The financial world's fee fever may have abated -- for now.
On Friday, Bank of America (BAC) seemed likely to add more ways for customers to avoid the $5 debit-card fee after coming under severe criticism since it announced the new fee in September.
A person familiar with the bank's plans said that the altered rules would allow many customers to avoid the fee by maintaining minimum balances, using direct deposit for paychecks, or by using Bank of America credit cards, Reuters reported.
Other big and medium-sized banks including J.P. Morgan Chase (JPM), Citibank (C) and Key Bank (KEY) say they're not implementing fees for debit card use anytime soon, reported the The Wall Street Journal.
Still, the banks are looking for ways to make up for the revenue lost under new federal regulations enacted earlier this month, and to compensate for low interest rates. (Banks aren't making much money off your money these days.) That has translated into cost-cutting at some institutions. For customers, that could mean fewer real people to help you bank and more emphasis on ATM and online banking.
Last June, Wells Fargo (WFC) announced plans for cost cutting through streamlining technology and by pushing customers to use more online and mobile services, which would reduce the need for staff.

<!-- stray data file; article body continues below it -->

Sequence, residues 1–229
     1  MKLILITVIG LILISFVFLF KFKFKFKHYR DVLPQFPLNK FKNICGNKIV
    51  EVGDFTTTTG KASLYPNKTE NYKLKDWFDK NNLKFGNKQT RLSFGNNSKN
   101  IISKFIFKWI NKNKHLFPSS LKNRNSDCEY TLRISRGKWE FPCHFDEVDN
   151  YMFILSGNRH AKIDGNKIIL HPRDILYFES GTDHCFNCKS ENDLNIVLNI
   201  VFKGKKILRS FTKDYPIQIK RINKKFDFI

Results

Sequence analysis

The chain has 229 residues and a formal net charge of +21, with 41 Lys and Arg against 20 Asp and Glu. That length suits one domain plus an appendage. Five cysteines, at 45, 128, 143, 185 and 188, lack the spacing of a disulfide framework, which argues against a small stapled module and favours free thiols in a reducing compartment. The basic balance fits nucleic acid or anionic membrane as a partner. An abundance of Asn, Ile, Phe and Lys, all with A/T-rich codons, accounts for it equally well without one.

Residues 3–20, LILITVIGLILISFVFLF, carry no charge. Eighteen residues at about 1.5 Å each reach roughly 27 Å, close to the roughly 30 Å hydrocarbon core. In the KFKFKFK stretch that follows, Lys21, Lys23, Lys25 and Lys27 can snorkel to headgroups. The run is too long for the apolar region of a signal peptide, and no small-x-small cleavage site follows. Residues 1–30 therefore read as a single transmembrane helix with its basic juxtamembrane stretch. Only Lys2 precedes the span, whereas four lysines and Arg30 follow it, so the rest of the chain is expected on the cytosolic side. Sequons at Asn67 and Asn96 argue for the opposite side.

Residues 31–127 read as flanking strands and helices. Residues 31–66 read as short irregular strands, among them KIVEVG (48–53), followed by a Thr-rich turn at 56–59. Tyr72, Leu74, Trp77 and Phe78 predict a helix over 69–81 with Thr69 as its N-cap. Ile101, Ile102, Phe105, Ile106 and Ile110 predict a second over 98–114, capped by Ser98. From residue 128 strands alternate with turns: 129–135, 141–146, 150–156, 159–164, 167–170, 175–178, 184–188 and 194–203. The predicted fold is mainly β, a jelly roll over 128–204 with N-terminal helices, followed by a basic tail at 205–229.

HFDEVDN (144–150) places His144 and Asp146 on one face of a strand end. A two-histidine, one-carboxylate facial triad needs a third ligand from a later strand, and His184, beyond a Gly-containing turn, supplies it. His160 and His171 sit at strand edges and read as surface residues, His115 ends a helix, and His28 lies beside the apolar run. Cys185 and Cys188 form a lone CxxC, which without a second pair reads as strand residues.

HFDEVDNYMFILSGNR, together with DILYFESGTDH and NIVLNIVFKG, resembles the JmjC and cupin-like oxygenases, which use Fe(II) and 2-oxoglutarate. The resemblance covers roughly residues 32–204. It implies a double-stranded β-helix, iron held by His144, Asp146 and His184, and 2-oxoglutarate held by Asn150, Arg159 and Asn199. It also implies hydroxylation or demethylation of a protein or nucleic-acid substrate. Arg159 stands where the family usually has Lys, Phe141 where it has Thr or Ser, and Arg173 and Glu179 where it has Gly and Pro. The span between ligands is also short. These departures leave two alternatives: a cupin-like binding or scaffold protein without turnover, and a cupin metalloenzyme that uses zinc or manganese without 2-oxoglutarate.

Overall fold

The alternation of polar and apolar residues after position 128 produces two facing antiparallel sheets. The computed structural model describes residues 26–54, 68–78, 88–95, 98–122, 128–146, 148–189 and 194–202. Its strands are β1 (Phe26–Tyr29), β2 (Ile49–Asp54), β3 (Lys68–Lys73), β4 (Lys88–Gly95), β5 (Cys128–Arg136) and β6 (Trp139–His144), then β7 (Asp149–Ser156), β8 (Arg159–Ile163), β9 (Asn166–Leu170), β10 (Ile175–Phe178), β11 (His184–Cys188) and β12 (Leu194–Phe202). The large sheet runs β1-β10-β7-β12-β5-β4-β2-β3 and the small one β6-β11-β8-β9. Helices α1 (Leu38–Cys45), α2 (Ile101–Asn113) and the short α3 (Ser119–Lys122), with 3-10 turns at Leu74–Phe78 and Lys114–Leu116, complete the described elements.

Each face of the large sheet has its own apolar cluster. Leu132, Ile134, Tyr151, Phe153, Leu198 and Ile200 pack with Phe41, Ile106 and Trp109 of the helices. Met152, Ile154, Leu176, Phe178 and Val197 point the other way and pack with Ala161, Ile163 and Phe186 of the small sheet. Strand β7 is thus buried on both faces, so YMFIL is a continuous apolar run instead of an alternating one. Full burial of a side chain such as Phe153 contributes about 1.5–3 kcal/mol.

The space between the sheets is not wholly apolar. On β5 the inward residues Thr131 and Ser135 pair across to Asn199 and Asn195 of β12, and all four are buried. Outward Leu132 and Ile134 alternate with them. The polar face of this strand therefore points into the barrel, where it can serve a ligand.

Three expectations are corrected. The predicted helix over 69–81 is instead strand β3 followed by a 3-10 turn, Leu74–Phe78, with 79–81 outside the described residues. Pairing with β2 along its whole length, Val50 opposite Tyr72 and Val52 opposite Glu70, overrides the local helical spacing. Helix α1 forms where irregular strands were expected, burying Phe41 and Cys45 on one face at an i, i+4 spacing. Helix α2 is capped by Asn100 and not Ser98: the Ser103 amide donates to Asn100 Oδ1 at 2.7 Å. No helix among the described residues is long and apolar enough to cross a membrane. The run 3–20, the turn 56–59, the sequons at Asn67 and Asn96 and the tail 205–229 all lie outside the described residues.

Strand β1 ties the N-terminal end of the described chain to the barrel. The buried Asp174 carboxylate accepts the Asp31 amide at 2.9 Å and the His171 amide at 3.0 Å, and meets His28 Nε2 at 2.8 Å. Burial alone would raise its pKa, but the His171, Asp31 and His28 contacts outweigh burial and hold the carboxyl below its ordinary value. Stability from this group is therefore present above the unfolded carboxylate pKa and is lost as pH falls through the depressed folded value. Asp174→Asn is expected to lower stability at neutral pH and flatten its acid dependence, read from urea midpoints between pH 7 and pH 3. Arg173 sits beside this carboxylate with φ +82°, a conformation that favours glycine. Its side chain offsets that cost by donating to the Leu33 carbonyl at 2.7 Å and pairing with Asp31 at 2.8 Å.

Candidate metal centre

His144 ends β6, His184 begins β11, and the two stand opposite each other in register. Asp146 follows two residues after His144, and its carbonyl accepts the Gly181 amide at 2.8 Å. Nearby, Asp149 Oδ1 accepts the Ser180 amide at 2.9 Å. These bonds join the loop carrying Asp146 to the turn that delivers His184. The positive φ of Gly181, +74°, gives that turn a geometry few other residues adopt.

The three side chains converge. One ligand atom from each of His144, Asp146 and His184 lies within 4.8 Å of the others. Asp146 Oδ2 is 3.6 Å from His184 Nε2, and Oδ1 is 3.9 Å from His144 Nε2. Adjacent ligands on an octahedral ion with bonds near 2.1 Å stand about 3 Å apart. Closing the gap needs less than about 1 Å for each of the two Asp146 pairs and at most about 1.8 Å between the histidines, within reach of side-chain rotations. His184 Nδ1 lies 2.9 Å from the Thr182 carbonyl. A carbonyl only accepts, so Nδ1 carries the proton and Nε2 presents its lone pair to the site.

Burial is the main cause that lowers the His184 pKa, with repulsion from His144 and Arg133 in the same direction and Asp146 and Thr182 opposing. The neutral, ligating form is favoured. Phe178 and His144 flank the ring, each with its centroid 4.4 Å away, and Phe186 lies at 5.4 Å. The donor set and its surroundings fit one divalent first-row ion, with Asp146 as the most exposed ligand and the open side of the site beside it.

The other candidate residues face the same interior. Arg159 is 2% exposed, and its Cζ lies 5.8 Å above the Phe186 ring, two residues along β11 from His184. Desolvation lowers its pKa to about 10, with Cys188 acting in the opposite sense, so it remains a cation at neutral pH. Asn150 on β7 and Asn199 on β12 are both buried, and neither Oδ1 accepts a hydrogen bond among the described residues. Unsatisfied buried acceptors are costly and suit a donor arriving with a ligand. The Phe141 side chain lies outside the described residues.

Regional banks are on a cost cutting kick as well. Cleveland-based Key Bank has reduced processing costs associated with checking accounts, says David Bowen, its head of consumer products. The bank has also rolled out a rewards program to increase customer participation in automated banking.
The Connecticut Post reported that Webster and People's United banks could implement cost cutting moves in response to a decline in revenues caused by a squeeze on interest margins. Quite simply, banks are making less when they lend money out, thanks to today's lower interest rates.
FirstMerit Bank, which has more than 200 branches in Ohio and Pennsylvania, also said it would undergo cost-cutting measures, The Plain Dealer reported, though what those will look like are not yet clear.
BB&T, the18th-largest bank in the United States, this week asked bank managers to to come up with ways to cut costs, but has not announced specific measures, Reuters reported.
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